Battlestar Galactica: The Plan Edward James Olmos

Battlestar Galactica: The Plan Edward James Olmos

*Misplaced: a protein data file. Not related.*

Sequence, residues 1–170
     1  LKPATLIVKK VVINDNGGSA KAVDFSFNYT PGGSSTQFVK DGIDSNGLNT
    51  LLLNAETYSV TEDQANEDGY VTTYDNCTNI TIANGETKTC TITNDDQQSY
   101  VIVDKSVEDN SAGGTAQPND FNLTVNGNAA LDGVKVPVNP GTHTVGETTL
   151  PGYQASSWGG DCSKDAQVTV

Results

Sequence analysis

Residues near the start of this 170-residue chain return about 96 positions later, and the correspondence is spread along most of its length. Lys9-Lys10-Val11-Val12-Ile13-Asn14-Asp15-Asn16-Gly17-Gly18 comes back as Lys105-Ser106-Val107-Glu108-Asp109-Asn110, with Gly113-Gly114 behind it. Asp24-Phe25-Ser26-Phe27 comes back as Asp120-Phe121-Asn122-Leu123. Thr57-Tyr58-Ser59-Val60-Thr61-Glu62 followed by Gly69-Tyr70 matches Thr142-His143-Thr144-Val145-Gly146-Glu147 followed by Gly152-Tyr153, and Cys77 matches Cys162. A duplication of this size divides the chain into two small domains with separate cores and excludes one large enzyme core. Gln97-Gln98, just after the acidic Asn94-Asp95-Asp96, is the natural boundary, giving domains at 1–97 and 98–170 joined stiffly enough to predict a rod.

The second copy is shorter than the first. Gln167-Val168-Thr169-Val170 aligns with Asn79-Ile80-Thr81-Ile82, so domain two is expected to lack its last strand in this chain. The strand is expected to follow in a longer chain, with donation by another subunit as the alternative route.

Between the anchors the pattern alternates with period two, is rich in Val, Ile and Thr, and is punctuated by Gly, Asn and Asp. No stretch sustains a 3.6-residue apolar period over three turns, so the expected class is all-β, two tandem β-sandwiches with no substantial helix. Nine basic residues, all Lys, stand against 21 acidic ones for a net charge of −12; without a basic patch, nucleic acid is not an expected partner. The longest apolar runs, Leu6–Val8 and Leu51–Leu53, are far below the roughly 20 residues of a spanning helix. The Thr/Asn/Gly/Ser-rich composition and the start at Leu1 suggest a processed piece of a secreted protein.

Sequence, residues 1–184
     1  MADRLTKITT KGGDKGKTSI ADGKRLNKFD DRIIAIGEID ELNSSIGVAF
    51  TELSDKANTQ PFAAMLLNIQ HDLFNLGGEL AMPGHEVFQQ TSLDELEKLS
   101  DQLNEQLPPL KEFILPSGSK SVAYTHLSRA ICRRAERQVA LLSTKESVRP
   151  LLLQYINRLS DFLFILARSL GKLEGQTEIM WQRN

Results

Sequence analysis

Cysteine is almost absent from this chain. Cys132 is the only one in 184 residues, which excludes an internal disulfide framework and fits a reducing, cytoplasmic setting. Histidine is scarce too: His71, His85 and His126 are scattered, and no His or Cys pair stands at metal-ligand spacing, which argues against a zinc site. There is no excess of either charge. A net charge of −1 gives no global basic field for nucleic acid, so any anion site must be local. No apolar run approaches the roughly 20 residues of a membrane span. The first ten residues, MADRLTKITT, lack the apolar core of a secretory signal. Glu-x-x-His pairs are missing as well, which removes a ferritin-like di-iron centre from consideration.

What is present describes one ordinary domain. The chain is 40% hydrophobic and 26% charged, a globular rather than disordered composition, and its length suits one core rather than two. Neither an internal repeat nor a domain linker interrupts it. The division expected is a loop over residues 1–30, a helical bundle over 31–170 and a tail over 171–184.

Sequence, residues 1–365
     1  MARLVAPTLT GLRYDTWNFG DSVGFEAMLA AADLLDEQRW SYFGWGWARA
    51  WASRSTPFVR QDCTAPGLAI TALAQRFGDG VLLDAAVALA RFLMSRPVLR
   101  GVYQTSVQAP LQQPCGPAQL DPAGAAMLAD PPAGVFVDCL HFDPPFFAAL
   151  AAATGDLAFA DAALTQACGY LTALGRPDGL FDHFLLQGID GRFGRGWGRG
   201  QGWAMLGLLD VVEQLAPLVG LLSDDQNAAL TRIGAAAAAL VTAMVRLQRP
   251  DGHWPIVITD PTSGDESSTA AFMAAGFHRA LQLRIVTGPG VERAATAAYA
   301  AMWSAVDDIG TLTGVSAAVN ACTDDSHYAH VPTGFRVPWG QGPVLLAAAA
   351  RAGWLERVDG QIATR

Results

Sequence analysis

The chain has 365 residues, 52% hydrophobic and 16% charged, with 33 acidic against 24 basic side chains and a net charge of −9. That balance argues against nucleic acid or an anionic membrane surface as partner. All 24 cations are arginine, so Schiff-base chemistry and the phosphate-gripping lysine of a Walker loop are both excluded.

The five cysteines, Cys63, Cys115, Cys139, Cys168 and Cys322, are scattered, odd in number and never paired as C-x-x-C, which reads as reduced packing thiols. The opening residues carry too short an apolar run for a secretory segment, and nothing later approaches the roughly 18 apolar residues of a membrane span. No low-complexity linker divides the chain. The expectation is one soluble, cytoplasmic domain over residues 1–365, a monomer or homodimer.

This second DVD movie related to the Battlestar Galactica series is by no means a stand-alone offering ― viewers who haven't completed that four-year journey should shy away from The Plan, and from this review, since spoilers are a hazard. Taking inspiration from the show's opening tease ― that the Cylons attack humanity with a plan for its demise ― here we revisit the events of the show's first season, from the first strike on the 12 colonies by space nukes, up until near the end of the first year, but from the Cylon point of view. Plans hatched by Cylon Brother Cavil (Dean Stockwell) were the lynchpin to the invasion; the film details its not-quite-successful implementation, the machinations of "Fleet" Cavil versus the personal transformation undergone by "Caprica" Cavil, embedded with Anders (Michael Trucco) and his merry band of Pyramid ballers back on a human world. Over the course of its feature length, several key series moments are revisited in new ways: Boomer (Grace Park) reporting back to Cylon HQ while still unaware of her own nature, or the fate of the Six (Tricia Helfer) who attempted to discredit Balthar (James Callis) for his role in the holocaust. Most of the time is spent on Cavil's scheming and also on Anders' journey through the woods with his resistance fighters, including a Simon Cylon (Rick Worthy). My inner geek fan boy was thrilled at this new information and the perspective brought by deeper context but as a film, The Plan is a haphazard series of well-connected deleted scenes. Olmos mentions in several slight DVD features that this will make you want to re-watch the series anew, and it does, but it's a bad thing when you're not engaged by the work itself, only by the greater work that inspired it. Features are short and perfunctory until a longer one on visual effects starts to reveal cracks in the plan of the filmmakers themselves. The movie continued to be rewritten, reworked and new scenes added long after principal photography finished ― revealed in the context of how quickly the visual effects department had to work ― to the point where the FX technicians were given instructions like "space battle" and left to their own devices. They were thrilled to have such free rein, but it's telling how little narrative focus was actually there. Plus: deleted scenes, commentary by Olmos and writer Jane Espenson, more. (Universal)